The fight for the right to be an Australian bigot

By Greg Ansley

Abbott's plan to allow offensive, insulting and humiliating abuse strains already troubled race relations, writes Greg Ansley

Attorney-General George Brandis defends the rights of Australians to be bigots. Photo / Getty Images
Attorney-General George Brandis defends the rights of Australians to be bigots. Photo / Getty Images

It's all part of Tony Abbott's vision of a new Liberal dawn. The Australian Prime Minister's conservative Government intends to dilute racial vilification laws to enshrine the right of Australians to be bigots.

Amid fury and concern even within his own party, Abbott has invoked the greater goal of free speech to amend the Racial Discrimination Act to allow offensive, insulting and humiliating abuse so long as it does not incite hatred or violence.

"Those three words — offend, insult and humiliate — describe what has sometimes been called hurt feelings," Attorney-General George Brandis. "It is not, in the Government's view, the role of the state to ban conduct merely because it might hurt the feelings of others."

He added during a debate in Parliament: "People do have a right to be bigots, you know."

The proposed amendments, contained in draft legislation now open for public comment, have unleashed a storm of anger from indigenous and ethnic groups, political rivals and human rights activists.

Within Government ranks the new legislation has triggered deep concerns among backbenchers. New South Wales' Liberal Premier, Barry O'Farrell, publicly attacked Brandis' defence of bigotry.

"Bigotry should never be sanctioned, whether intentionally or unintentionally. Vilification on the grounds of race or religion is always wrong. There is no place for inciting hatred within our Australia society."

Warren Mundine, hand-picked by Abbott to head his new Indigenous Advisory Council, also criticised what he described as a bizarre move when interviewed on ABC radio.

"I get racial abuse every day. We all know that from history, when you let people off the chain in regard to bigotry, then you start having problems."

This comes as a disturbing mirror has been placed in front of the nation.

A new Monash University survey found that only 3 per cent of migrants — including New Zealanders — who arrived during the past 20 years considered Australia to be "caring, friendly and hospitable".

It found more than an 40 per cent of recent arrivals from a number of Asian countries suffered discrimination in the past year.

Another study led by the University of Western Sydney further found that between 66 per cent and 79 per cent of respondents supported laws against racially offensive, insulting and humiliating behaviour.

Tony Abbott's govt defines discrimination as acts that cause 'hurt feelings'. Photo / Getty Images
Tony Abbott's govt defines discrimination as acts that cause 'hurt feelings'. Photo / Getty Images

Abbott will also face a roadblock in the Senate, where Labor and the Greens will vote down the legislation. It may face problems even when the new Upper House sits on July 1, with mining magnate Clive Palmer's United Party yet to decide its position. PUP will hold the balance of power.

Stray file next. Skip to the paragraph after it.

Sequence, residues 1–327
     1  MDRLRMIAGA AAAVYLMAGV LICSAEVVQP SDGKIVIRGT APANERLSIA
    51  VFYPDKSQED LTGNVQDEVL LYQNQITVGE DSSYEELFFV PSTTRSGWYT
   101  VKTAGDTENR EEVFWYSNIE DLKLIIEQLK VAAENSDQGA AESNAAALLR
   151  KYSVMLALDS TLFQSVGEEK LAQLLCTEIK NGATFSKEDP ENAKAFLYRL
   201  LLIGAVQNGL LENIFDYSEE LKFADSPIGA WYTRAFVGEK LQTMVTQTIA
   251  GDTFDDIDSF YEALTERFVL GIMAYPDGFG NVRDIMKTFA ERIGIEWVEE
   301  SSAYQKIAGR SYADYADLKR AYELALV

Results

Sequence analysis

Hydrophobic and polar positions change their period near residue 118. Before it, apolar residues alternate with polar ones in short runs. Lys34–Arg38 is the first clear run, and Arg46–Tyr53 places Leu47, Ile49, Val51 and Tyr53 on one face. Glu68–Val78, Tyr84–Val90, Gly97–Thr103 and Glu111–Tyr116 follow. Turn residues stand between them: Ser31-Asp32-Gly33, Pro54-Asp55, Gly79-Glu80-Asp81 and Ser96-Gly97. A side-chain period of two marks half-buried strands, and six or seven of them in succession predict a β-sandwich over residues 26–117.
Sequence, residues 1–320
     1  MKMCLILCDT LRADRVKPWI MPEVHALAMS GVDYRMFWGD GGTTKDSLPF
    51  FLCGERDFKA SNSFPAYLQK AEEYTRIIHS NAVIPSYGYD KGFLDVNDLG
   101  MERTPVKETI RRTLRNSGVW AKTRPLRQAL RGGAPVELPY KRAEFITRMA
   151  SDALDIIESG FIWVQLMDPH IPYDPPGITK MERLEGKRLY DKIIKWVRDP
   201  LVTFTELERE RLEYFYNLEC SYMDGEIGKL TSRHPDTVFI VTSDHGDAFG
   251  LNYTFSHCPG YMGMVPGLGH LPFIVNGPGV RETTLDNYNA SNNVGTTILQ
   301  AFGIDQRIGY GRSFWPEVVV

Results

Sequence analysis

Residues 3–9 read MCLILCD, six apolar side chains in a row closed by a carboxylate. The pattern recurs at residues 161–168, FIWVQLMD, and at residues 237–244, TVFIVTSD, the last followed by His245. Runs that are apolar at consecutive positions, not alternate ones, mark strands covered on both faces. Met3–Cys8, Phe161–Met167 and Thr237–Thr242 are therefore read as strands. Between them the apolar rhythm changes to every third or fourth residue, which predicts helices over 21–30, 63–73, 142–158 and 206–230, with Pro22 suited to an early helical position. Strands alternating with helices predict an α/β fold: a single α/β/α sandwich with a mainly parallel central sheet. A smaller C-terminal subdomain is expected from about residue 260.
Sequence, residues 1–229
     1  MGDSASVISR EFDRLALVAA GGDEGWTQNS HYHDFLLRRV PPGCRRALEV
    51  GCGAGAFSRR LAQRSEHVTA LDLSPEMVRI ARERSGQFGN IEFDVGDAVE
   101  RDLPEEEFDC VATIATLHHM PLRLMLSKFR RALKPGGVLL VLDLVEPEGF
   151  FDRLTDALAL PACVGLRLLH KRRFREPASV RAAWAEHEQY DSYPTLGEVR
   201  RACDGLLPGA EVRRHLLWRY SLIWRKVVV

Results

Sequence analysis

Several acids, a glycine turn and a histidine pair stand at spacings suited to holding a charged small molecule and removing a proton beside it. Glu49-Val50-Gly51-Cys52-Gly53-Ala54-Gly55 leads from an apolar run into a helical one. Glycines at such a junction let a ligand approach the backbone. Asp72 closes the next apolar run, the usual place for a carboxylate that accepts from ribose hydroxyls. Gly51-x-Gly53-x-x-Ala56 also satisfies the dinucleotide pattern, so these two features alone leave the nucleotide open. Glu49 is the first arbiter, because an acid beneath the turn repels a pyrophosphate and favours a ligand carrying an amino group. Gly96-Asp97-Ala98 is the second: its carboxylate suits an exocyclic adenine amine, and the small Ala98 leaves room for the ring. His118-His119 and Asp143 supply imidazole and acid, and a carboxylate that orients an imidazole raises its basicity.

But the Government is determined to press on regardless, planning to put the legislation before Parliament when it resumes in May.

Its amendments would replace the present strictures against "conduct causing offence, insult, humiliation or intimidation" with the outlawing of behaviour that is "reasonably likely to vilify (requiring incitement to hatred) or to intimidate".

"The most troubling aspect about the proposed changes — along with knowing that Australia's chief law officer is a champion of the right to bigotry — is the blithe assertion of a dominant cultural perspective," Professor Simon Rice, director of law reform and social justice at the Australian National University, wrote in The Conversation.

"No member of the Australian racial majority — politicians, policymakers, opinion writers — can understand what it is to have one's life defined by one's difference," he wrote.

The legislation also exempts "words, sounds, images or writing, spoken, broadcast or otherwise communicated in the course of participating in the public discussion of any political, social, cultural, religious, artistic, academic or a scientific matter".

"We now have an exemption that you can drive a truck through," Shadow Attorney-General Mark Dreyfus said.

The legislation has its supporters, ranging from the conservative think-tank the Institute of Public Affairs to the far Christian Right Stand Up Australia Party, which opposes multiculturalism and Islam.

But it has been broadly condemned elsewhere. Said Human Rights Commission president Gillian Triggs: "It is not clear why intimidation should not include the psychological and emotional damage that can be caused by racial abuse. Of particular concern is the scope of the exemption provision [which is] so broad it is difficult to see any circumstances in public that these protections would apply."

NSW Aboriginal Land Council chairman Craig Comelin said: "It is astonishing that our top lawmaker seeks to passionately defend the right of people to be bigots [instead of] the rights of the most marginalised people in our society."

- NZ Herald

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